No respite for Futu, Tiger Brokers as Chinese state media reiterate online services amount to ‘illegal financial activities’

  • Chinese state media continue to slam online brokers, with the stinging criticism putting further pressure on their stock prices
  • Futu Holdings’ share price has sunk 70.4 per cent from its peak in February, while Tiger Brokers has lost 81.5 per cent in the same period

Chinese state media continued to hammer online brokers providing cross-border stock and derivative trading services for mainland investors, with the stinging criticism putting further pressure on their stock prices.

The Economic Daily on Monday reiterated that the services offered by online brokers such as Nasdaq-listed Futu Holdings and Tiger Brokers were “typical illegal financial activities” and operating without regulatory approval, echoing comments made late last month by a central bank official.

Such financial activities were likely to become a tool for illegal capital outflows, and bear the risks of financial data leaking overseas, the newspaper said.

“Futu has been operating within the original framework of industry laws and regulations, the same as other peers in Hong Kong with certificates,” US-listed Futu said in a reply to a query from the Post on Monday. Futu has been under strict regulatory scrutiny and has received certificates to operate in Hong Kong since its founding, it added.

Tiger Brokers, which is also listed in New York, did not reply to a request for comment.

Chinese state media started highlighting the risks posed by online brokers in mid-October, with the Communist Party mouthpiece the People’s Daily arguing that risks existed for online brokers such as Tencent Holdings-backed Futu and Xiaomi-backed Tiger Brokers in their protection of user data.

That came as China was in the midst of a sweeping campaign to enhance protection of personal privacy, culminating in the implementation of the new personal information protection law on November 1.

The People’s Daily commentary was followed by an official at the People’s Bank of China saying on October 28 that online brokers need to be licensed in China to offer cross-border trades to mainland residents.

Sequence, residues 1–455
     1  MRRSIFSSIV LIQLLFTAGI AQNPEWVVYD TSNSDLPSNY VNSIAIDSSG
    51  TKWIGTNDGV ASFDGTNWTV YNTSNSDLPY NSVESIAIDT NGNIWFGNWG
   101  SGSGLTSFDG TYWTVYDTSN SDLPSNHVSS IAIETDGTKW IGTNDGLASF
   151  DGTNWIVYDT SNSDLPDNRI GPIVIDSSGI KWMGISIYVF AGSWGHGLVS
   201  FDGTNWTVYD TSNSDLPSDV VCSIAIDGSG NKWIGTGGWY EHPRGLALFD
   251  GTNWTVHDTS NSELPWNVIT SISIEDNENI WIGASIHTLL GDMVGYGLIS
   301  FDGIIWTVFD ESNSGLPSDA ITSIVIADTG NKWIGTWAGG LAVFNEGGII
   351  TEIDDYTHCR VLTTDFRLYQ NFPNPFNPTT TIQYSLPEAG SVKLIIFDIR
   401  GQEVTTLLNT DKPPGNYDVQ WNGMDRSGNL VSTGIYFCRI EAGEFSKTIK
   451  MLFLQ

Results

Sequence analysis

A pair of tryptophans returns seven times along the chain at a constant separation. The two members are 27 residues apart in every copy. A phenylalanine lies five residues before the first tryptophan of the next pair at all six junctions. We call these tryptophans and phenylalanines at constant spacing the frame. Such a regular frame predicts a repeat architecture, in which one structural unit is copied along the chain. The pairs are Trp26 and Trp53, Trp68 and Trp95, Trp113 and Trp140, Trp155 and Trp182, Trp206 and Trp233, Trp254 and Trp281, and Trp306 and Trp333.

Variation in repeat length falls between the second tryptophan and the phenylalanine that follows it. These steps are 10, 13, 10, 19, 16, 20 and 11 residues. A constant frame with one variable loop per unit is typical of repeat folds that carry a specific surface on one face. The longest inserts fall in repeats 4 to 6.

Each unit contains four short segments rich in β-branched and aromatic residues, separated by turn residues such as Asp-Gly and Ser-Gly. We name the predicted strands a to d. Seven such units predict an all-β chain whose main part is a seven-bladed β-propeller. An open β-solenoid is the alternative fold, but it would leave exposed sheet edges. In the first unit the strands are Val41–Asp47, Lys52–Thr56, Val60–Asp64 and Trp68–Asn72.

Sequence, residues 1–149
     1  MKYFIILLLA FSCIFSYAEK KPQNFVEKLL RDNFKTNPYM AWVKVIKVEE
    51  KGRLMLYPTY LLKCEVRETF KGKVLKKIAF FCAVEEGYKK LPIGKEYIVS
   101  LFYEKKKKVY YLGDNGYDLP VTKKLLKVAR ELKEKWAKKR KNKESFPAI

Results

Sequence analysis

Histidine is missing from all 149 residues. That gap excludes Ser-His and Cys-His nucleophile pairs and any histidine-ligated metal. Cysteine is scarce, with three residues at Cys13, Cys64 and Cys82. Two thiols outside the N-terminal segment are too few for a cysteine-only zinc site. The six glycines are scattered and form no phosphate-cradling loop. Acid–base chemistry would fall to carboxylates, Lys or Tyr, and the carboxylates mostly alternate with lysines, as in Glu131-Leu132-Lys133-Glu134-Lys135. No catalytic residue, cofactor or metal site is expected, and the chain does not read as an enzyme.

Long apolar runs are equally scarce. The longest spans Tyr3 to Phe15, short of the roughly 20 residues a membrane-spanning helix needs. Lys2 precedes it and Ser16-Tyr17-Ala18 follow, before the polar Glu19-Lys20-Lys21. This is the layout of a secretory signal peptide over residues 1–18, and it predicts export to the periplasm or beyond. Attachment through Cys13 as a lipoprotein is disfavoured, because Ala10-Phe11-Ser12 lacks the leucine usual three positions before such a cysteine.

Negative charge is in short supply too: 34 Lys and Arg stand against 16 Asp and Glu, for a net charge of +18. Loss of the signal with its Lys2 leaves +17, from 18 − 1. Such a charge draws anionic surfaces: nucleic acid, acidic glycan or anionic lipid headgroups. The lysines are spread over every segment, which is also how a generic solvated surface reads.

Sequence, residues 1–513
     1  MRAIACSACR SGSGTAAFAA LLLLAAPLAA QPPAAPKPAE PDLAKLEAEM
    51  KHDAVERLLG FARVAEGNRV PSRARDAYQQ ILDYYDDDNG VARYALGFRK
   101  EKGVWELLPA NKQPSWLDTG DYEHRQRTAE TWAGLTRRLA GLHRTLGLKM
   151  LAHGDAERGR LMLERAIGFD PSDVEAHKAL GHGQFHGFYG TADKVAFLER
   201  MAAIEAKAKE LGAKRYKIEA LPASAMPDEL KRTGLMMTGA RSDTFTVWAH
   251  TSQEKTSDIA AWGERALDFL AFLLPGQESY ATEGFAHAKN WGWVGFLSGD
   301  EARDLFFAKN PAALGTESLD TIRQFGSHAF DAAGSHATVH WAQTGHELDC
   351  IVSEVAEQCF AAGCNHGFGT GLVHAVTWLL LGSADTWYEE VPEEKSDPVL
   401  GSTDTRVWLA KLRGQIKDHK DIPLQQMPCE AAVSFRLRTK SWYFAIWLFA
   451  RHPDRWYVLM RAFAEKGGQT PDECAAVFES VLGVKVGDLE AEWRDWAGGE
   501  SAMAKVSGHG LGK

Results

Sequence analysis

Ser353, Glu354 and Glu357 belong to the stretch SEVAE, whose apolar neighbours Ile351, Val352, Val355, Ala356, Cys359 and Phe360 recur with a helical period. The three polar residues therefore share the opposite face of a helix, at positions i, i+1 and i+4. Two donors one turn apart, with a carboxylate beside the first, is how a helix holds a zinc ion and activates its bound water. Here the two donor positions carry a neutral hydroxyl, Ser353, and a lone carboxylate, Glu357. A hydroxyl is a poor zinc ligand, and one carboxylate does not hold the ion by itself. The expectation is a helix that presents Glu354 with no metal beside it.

The regulatory tightening has hit share prices of the companies hard, which soared during the coronavirus pandemic when investors flocked to online trading platforms.

Futu has lost 70.4 per cent from its peak in mid-February, closing at US$56.49 on Friday. It had surged 247.2 per cent in the first quarter. Up Fintech Holding, parent of Tiger, has shed 81.5 per cent since touching a high on February 16. It closed at US$6.81 on Friday, after surging 124 per cent in the first quarter.

The problem of personal information protection is more worrying, the Economic Daily said, adding regulators should strengthen collaboration to improve oversight of the sector.

Futu had recorded a 230.2 per cent year on year jump in paying clients to one million in the second quarter, with net income rising 125.8 per cent to HK$533.9 million (US$68.7 million) from a year ago.

Tiger reported a net loss of US$21.5 million in the second quarter compared with a net income of US$4.4 million in the same period in 2020.

JPMorgan said a total clampdown on existing business of the online brokers was unlikely, according to its research report dated October 28.

“Our sensitivity test shows that assuming revenue contribution from mainland clients goes to zero in 2022, Futu would still be profit-making,” analyst Katherine Lei said.

Author: Iris Ouyang, SCMP

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